Federal Reserve Building, Washington, D.C.

Commentary Type

What the Federal Reserve should do now: An elaboration

Jason Furman (PIIE)

Photo Credit: PIIE/Jeremey Tripp

Paper prepared for delivery at the Peterson Institute for International Economics

This paper was updated February 11, 2022, to remove references to real wage growth by earnings level and an accompanying figure. The timing of the inflation adjustment used to adjust nominal wage growth was inconsistent with the timing of the nominal wage growth measures.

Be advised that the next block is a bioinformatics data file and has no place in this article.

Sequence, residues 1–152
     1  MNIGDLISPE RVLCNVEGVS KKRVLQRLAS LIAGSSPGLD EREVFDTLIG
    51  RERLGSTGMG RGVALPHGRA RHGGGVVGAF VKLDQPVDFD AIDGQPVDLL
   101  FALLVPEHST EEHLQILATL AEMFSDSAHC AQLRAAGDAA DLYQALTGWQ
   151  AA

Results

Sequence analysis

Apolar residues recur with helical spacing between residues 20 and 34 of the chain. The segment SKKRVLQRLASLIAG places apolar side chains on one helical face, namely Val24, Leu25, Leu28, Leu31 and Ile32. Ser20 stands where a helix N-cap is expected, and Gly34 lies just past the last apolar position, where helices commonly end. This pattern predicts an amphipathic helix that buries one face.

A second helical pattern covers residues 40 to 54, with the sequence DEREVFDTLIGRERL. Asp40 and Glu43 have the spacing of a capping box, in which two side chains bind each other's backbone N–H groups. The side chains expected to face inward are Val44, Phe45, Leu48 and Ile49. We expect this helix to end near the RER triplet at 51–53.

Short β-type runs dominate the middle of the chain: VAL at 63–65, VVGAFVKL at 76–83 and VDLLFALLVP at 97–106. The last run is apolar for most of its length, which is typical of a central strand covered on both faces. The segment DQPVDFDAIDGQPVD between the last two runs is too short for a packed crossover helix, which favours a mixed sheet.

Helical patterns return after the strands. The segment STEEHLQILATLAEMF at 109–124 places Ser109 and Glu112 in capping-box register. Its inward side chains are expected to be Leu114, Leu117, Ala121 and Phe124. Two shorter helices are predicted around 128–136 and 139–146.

The US economy has not fully recovered, and continued shortfalls in employment and gross domestic product (GDP) warrant continued expansionary monetary policy. Nevertheless, the stance of monetary policy should move in a less expansionary direction as a result of three developments over the last 18 months, some of which have accelerated in the last three months. First, the unemployment rate is falling rapidly and is now where it was at the beginning of 2017 while job openings are much higher than they were then. Second, the inflation rate has risen to the highest it has been since 1990 and at least some of the elevated inflation is likely to persist. Third, monetary policy has effectively loosened over the last year—particularly as evidenced by falling real interest rates. Any one of these three developments alone should warrant shifting to a less expansionary stance for monetary policy—even if inflation ends up slowing a lot in 2022—and collectively the case is even stronger.

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